In this tutorial we’ll learn how to disable SELinux on CentOS 7. We will also install and configure its prerequisites. SELinux, an abbreviation of Security-Enhanced Linux, is a safety enhancement to the Linux operating system. It’s a tagging system that blocks many system capabilities in its default settings.
SELinux is quite beneficial for many users, but due to the administrative overhead, you might be better off only disabling it. The time spent adding rules and upgrading permissions on SELinux versus the added security benefit may not be worthwhile.
Note: SELinux is remarkably beneficial within a general Linux system safety strategy, and we recommend leaving it enabled in implementing manner in production environments where possible. If a particular program or package doesn’t work properly with SELinux customized adjustments could be made that is the favored option in contrast to simply disabling the whole thing.
I recommend to use a minimal CentOS server setup as a basis for the tutorial, that can be a virtual or a root server image with an CentOS 7 minimal install from a web hosting company or you use our minimal server tutorial to install a server from scratch.
A fast overview of the 3 different SELinux modes. SELinux can be in implementing, permissive, or handicapped manner.
This is the default. In enforcing manner, if something happens on the system that’s against the defined policy, the action will probably be both blocked and logged.
This Mode won’t actually block or deny anything from occurring, however, it will log anything that would have been blocked in enforcing manner. It’s a fantastic way to use if you possibly need to test a Linux system which has never used SELinux and you wish to get an idea of any problems you might have. No system reboot is needed when switching between permissive and enforcing modes.
Disabled is turned off, nothing is logged in any way. In order To swap to the disabled manner, a system reboot will be required. Additionally, if you are switching from disabled manner to either Permissive or employing manners a system reboot will also be required.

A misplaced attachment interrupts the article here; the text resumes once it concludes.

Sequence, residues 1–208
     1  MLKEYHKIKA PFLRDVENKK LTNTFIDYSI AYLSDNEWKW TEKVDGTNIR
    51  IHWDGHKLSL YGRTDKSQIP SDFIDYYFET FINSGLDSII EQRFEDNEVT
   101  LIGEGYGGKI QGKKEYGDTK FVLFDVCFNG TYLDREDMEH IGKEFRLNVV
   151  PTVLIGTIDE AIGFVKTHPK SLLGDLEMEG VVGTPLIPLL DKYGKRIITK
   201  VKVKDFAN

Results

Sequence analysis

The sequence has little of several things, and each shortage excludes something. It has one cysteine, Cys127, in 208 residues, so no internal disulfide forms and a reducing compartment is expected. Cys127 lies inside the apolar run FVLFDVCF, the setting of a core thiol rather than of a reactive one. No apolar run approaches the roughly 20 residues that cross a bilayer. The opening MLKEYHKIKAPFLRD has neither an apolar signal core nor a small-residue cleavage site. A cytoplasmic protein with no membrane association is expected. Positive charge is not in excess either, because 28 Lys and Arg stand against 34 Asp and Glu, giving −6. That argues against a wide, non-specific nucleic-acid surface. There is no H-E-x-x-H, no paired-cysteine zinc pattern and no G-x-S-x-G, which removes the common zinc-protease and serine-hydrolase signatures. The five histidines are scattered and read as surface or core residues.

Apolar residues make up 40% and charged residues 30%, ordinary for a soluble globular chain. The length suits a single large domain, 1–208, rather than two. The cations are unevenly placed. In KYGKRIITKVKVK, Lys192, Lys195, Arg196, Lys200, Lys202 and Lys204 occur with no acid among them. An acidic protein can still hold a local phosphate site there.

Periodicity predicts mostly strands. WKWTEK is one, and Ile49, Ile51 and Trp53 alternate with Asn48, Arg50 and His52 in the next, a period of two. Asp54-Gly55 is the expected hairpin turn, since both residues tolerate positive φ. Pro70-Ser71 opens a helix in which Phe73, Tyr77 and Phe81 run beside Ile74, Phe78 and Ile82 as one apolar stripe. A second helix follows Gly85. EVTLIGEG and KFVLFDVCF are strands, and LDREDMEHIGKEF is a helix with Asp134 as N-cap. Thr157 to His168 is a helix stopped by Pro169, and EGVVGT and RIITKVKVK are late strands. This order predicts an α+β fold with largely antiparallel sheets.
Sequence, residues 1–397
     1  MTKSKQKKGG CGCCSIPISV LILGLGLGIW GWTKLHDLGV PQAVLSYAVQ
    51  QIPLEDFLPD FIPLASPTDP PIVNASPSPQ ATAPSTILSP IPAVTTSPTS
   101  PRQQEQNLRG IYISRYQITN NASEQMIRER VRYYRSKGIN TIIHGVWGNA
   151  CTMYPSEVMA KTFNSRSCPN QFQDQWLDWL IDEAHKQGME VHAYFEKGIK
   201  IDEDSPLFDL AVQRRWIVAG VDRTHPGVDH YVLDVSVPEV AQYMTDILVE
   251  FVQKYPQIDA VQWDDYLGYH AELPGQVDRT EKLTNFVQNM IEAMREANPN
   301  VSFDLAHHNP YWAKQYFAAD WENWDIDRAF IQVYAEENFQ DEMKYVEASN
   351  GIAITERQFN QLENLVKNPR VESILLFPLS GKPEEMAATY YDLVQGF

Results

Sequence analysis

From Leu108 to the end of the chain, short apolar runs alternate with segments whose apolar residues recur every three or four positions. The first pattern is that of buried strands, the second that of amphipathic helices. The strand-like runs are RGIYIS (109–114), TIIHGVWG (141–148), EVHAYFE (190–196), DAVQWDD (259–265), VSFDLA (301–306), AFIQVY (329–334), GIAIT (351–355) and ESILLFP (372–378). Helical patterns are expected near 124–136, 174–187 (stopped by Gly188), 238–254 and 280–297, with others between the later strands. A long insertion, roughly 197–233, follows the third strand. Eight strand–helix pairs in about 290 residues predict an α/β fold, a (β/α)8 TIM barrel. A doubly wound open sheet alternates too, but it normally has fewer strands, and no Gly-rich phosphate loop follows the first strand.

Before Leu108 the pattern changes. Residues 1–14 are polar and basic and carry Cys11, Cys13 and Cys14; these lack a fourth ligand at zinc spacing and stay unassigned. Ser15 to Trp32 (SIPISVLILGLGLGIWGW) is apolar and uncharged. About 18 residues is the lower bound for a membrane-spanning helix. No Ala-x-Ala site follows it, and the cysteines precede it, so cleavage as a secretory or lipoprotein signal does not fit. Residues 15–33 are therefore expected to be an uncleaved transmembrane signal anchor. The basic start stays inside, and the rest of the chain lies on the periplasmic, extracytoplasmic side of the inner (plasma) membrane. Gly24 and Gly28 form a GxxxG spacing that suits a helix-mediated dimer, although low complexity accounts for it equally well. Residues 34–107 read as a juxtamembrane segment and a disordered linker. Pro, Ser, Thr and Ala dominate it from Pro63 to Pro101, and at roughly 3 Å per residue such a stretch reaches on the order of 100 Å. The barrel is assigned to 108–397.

Disable SELinux on CentOS 7
Step 1. First check if SELinux status.
[root@myvpsource ~]# sestatus SELinux status: enabled SELinuxfs mount: /sys/fs/selinux SELinux root directory: /etc/selinux Loaded policy name: targeted Current mode: enforcing Mode from config file: enforcing Policy MLS status: enabled Policy deny_unknown status: allowed Max kernel policy version: 28
To permanently disable SELinux, use your favorite text editor to open the file /etc/sysconfig/selinux as follows:
By default this file appears as shown below:
# This file controls the state of SELinux on the system. # SELINUX= can take one of these three values: # enforcing - SELinux security policy is enforced. # permissive - SELinux prints warnings instead of enforcing. # disabled - No SELinux policy is loaded. SELINUX=enforcing # SELINUXTYPE= can take one of three two values: # targeted - Targeted processes are protected, # minimum - Modification of targeted policy. Only selected processes are protected. # mls - Multi Level Security protection. SELINUXTYPE=targeted
Change “SELINUX=enforcing” to “SELINUX=disabled” and save the configuration file.
For the changes to take effect, you need to reboot your system and then check the status of SELinux using sestatus command as shown:
Congratulation’s! You have successfully disable SELinux temporarily or permanently on your CentOS 7 server. Thanks for using this tutorial for disable SELinux on CentOS 7 system.